I copied down the information, made a phone call and ended up at a meeting a couple of days later. Everything seemed to move quickly for a while. I met with people from the adoption agency, filled out forms, did a home study and poured over photos of beautiful children, all of whom were in need of a home. It did feel a bit strange to look at these pictures in an attempt to "pick out" a child, but that is how the procedure was presented to me. All of the children that I was shown were from Russia.

I had "chosen" a baby girl who looked a bit as I did when I was a baby, but at the last minute, I was shown a snap shot of this wise, calm looking little soul behind these crib bars of peeling paint. Her pants were held onto her ankles with rubber bands and her sleeves were in shreds, but there she sat staring at the camera with such a peaceful look on her face. This was my daughter and she was just waiting for me to bring her home where she had always belonged. That was in September 1999, one month before her first birthday.

My daughter is now six-years-old and beginning the first grade. She is happy, healthy, energetic, bright, funny, stubborn and beautiful. She is a blend of Asian and Caucasian with almond shaped brown eyes and straight dark brown hair, while I am very fair with blue eyes and reddish brown hair. The difference seems to go unnoticed by most or if noted, then to a small degree. But everyone knows about her adoption. It is a story I am proud to tell again and again.

When my daughter gets older and wants to visit her place of birth (Pavlodar, Kazakhstan), then we will together. It is her every right to own all of the knowledge regarding her pre-beginning with me that we can aquire. At the time of the adoption, I received as much information as was available about her birth parents. I feel so lucky that this was an option for my daughter and myself. I have contemplated international adoption again. It is a distinct possibility. But for today I am very, very happy to be going to pick up my daughter from school.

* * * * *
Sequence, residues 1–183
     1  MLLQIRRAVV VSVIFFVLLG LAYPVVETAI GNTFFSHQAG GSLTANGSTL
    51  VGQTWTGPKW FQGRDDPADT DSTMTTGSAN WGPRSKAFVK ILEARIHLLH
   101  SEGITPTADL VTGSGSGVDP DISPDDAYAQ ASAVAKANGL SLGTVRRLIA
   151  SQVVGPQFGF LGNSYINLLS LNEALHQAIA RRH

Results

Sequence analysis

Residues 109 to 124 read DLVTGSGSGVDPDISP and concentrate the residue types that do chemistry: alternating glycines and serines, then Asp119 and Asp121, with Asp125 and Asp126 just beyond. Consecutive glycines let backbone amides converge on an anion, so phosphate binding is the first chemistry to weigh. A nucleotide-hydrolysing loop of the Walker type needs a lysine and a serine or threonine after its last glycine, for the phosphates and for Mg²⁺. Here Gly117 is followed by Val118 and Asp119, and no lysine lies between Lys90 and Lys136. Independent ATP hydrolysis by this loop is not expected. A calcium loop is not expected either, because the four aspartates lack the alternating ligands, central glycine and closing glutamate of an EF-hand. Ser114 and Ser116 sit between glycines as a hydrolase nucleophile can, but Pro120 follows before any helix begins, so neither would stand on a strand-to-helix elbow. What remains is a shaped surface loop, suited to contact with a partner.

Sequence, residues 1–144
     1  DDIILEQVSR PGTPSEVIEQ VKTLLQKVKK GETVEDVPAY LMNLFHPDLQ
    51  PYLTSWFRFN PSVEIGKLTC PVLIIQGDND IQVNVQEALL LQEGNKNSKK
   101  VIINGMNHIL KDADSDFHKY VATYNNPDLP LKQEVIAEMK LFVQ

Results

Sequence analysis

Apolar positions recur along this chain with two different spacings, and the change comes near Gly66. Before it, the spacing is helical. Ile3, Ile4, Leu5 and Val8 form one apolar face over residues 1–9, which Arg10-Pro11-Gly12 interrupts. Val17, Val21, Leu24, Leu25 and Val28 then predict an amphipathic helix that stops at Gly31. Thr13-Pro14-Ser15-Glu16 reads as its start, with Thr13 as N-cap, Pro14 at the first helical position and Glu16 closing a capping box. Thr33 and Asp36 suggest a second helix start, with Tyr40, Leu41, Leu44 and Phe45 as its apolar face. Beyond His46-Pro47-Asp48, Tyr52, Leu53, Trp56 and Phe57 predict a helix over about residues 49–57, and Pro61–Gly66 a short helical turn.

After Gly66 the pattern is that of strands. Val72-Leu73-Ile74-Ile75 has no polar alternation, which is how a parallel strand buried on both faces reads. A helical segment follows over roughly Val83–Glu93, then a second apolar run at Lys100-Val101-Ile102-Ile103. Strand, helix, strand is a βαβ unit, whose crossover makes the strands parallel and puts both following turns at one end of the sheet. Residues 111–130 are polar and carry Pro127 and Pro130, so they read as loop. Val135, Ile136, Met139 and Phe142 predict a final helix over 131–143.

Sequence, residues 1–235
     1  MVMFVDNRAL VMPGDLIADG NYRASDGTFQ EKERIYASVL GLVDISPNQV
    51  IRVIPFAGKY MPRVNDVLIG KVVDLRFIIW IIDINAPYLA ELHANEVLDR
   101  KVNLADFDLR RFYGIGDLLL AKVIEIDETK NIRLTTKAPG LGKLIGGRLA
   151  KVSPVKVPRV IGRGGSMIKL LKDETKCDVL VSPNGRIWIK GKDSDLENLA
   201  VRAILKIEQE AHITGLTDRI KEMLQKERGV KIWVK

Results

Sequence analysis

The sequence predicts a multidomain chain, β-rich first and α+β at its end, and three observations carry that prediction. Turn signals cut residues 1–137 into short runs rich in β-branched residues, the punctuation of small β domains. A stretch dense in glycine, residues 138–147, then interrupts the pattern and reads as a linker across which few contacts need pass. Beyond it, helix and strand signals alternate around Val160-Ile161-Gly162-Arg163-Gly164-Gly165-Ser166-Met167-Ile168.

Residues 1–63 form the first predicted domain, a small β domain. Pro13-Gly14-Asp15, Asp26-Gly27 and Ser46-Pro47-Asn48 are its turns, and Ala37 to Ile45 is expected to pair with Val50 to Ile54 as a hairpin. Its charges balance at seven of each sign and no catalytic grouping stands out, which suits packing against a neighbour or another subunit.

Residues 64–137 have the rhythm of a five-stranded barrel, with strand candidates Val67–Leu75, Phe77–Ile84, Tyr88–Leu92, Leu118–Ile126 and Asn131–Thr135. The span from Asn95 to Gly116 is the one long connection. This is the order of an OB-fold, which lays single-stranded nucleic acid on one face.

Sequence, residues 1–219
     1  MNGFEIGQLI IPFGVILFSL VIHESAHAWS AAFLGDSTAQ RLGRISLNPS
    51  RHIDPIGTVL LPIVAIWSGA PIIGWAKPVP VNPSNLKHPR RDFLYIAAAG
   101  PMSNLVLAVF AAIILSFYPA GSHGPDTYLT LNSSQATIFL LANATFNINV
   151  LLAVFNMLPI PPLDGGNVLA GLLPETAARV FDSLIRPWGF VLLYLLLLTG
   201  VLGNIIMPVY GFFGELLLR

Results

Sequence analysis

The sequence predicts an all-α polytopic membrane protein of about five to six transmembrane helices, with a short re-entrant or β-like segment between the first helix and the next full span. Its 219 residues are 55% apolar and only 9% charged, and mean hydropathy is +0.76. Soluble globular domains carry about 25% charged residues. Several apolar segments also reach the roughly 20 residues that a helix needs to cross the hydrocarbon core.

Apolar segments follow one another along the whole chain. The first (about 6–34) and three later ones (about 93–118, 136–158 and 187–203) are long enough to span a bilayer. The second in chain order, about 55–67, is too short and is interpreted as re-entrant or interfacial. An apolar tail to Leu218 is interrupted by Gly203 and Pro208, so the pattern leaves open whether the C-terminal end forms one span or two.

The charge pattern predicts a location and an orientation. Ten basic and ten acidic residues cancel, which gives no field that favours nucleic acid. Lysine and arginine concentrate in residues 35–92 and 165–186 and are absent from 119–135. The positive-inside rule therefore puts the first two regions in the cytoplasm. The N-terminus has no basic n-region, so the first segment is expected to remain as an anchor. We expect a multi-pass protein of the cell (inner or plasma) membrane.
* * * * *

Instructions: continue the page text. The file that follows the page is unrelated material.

Back to Adoption Stories


American RadioWorks |

An Administrator Responds to Adjunct Protests

Last week, we talked about growing dissent among adjunct college instructors who claim they’re not getting compensated fairly for the work they do. This week we’ll hear from someone who has dealt with this issue from the administration side.

Recent Posts

  • 02.26.15

    Adjunct voices

    Ahead of National Adjunct Walkout Day on February 25th, American RadioWorks asked adjunct professors around the country how things are going for them. The short answer? Not well.
  • 02.25.15

    Adjuncts Unite

    What would higher education look like without adjunct professors? That’s what a grass-roots group of academics is trying to prove by holding a National Adjunct Walk-out Day on February 25.
  • 02.19.15

    To Test or Not to Test?

    Sometime in the next few weeks, Senate Republicans and Democrats will vote to reauthorize The No Child Left Behind Act of 2001. On the podcast this week, we talk to two education advocates who differ on how and when we should test our kids.
  • 02.11.15

    Looking back: An Imperfect Revolution

    In June 2007, the U.S. Supreme Court struck down school desegregation plans that look at students’ race. This week on the podcast, we’re featuring our 2007 documentary, “An Imperfect Revolution: Voices from the Desegregation Era,"